On Thu, Aug 5, 2010 at 12:28 PM, Aaron Sherman <a...@ajs.com> wrote:
> While that's a nifty special case (I'm sure it will surprise me someday, and
> I'll spend a half hour debugging before I remember this mail), it doesn't
> help in the general case (see my example grammar, below).

In the general case, no. In the case of your grammar, and all
grammars, it does help.

All regex routines, when called standalone, are anchored to the
beginning and end of the string. So, having "^" and "$" at the
beginning and end of your TOP is a no-op unless some other rule calls
it as a subrule.

S05 says: "In general, the anchoring of any subrule call is controlled
by its calling context. When a regex, token, or rule method is called
as a subrule, the front is anchored to the current position (as with
:p), while the end is not anchored, since the calling context will
likely wish to continue parsing. However, when such a method is
smartmatched directly, it is automatically anchored on both ends to
the beginning and end of the string." and that "The basic rule of
thumb is that the keyword-defined methods never do implicit .*?-like
scanning, while the m// and s// quotelike forms do such scanning in
the absence of explicit anchoring."

Given that the Grammar.parse is specified to create a new Grammar
object and directly match its TOP(or the value of the :rule adverb)
method, without any specification that it does implicit .*? like
scanning, I think that Grammar.parse should always anchor. This
doesn't appear to work quite properly in Rakudo currently. It anchors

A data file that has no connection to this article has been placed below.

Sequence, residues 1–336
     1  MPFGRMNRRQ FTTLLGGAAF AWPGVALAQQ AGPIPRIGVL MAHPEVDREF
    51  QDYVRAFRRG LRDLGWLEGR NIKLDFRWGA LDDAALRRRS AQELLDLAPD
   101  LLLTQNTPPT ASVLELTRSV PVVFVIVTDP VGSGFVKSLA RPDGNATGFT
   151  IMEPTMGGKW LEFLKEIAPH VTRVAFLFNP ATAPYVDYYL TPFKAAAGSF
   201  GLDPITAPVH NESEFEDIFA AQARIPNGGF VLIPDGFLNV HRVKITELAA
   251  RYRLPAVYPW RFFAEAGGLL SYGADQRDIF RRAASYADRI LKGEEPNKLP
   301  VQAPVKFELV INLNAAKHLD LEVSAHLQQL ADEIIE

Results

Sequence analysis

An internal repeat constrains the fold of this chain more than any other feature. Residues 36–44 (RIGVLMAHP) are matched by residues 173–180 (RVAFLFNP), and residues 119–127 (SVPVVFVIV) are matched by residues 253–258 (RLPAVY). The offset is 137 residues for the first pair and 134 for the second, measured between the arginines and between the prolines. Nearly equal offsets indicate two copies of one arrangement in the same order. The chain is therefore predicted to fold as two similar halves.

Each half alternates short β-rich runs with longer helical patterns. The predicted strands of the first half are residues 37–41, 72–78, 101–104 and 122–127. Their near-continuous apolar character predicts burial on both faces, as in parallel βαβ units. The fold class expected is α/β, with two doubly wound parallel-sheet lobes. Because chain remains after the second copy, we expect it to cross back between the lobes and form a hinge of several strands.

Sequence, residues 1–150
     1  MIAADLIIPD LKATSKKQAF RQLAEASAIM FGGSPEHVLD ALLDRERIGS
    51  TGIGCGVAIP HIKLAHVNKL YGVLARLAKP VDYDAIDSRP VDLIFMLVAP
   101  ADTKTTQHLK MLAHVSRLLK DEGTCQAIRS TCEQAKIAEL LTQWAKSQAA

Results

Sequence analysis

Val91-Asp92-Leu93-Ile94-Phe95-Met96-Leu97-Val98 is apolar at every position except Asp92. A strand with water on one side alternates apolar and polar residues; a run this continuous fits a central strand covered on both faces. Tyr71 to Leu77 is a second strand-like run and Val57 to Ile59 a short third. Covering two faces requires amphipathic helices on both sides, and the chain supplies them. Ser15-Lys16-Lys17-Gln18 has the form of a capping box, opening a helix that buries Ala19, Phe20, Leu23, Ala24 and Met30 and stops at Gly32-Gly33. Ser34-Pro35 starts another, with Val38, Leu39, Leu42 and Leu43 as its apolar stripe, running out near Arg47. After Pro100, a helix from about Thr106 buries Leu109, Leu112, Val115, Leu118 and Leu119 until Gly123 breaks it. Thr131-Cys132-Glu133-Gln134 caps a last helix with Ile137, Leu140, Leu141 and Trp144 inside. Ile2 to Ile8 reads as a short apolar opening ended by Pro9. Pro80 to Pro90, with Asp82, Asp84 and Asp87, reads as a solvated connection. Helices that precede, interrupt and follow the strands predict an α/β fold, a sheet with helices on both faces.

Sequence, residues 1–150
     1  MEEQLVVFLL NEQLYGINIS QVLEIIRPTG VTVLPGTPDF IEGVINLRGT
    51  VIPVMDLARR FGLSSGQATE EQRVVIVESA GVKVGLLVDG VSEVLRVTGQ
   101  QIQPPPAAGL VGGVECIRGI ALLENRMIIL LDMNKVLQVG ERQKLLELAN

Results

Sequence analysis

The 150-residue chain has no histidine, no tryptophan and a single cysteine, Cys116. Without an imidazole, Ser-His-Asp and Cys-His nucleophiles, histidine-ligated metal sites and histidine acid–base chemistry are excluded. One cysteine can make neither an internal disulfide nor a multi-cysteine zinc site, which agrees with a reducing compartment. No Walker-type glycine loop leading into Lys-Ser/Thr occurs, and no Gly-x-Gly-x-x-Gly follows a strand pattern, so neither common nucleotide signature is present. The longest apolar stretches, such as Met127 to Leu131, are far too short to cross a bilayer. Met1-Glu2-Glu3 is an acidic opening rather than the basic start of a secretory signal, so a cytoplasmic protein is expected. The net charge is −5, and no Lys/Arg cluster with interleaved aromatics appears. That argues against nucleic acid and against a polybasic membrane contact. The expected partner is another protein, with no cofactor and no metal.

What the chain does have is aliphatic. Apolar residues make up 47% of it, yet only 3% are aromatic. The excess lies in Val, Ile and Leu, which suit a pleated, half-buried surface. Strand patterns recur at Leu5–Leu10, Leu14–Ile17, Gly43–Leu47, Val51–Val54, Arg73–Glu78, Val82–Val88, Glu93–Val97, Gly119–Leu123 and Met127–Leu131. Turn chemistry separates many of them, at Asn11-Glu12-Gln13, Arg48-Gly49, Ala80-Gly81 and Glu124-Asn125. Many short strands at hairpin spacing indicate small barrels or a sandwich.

to the beginning but not to the end. I'm about to check if there's a
rakudobug for this already, and submit it if not.

> After doing some more thinking and comparing this to other languages
> (python, for example has "match" which matches only at the start of a
> string), it seems to me that there is a sort of out-of-band need to have a
> more general solution at match time. Here's my second pass suggestion:
>  m:r / m:rooted -- Match is rooted on both ends ("^...$")
>  m:rs / m:rootedstart - Match is rooted at the start of string ("^", ala
> Python re.match)
>  m:re / m:rootedend - Match is rooted at the end of string ("$")
>  m:rn / m:rootednone - Match is not rooted (default)
>  m:o / m:oneline - Modify :r and friends to use ^^/$$
> Here's one way I can see that being routinely used:
>  # Simplistic shell scripts
>  rule TOP :r {<stmt>*} # Match the whole script
>  rule stmt :r :o { <cmd> <arg>* } # One statement per line

:oneline or similar might be useful. I'm not sure about :rootedend and
:rootedstart. :rooted is useful only in one situation: when implicitly
matching against the topic. You could do "m:r/ foo /;" to match
against the topic, but "regex { foo };" would not do what you want (I
think). I don't know if doing an anchored match against the topic is
really important enough to justify an adverb just so you don't have to
do "$_ ~~ regex { foo }".

> The other way to go about that would be with parameterized adverbs. I'm not
> sure how comfy people are with those, but they're in the spec. So this:
>  m:r / m:rooted -- Match is rooted (default is ^...$)
>    Parameters:
>    :s / :start -- Match is rooted only at start ("^")
>    :e / :end -- Match is rooted only at end ("$")
>    [note: :s :e should produce a warning]
>    :n / :none -- Match is not rooted (null modifier)
>    [note: combining :n with :s or :e should warn]
>    :o / :oneline -- Use ^^ and $$ instead of ^ and $
>    [note: combining :o with :n should warn?]
> So our statement matching grammar becomes:
>  rule TOP :r {<stmt>*}
>  rule stmt :r(:o) { <cmd> <arg>* }
> The clown nose is just a side benefit ;-)
> Seriously, though, I prefer :r(:o) because :r:o looks like it should be the
> opposite of :rw (there is no :ro, as far as I know).
> PS: I see no reason that any of this is needed for 6.0.0
> --
> Aaron Sherman
> Email or GTalk: a...@ajs.com
> http://www.ajs.com/~ajs

Tyler Curtis

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